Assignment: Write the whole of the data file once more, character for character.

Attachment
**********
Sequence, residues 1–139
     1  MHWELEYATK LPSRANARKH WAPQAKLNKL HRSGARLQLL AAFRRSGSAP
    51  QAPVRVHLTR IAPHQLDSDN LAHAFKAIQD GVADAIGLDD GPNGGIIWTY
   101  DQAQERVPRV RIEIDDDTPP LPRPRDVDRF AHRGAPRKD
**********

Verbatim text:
Sequence, residues 1–139
     1  MHWELEYATK LPSRANARKH WAPQAKLNKL HRSGARLQLL AAFRRSGSAP
    51  QAPVRVHLTR IAPHQLDSDN LAHAFKAIQD GVADAIGLDD GPNGGIIWTY
   101  DQAQERVPRV RIEIDDDTPP LPRPRDVDRF AHRGAPRKD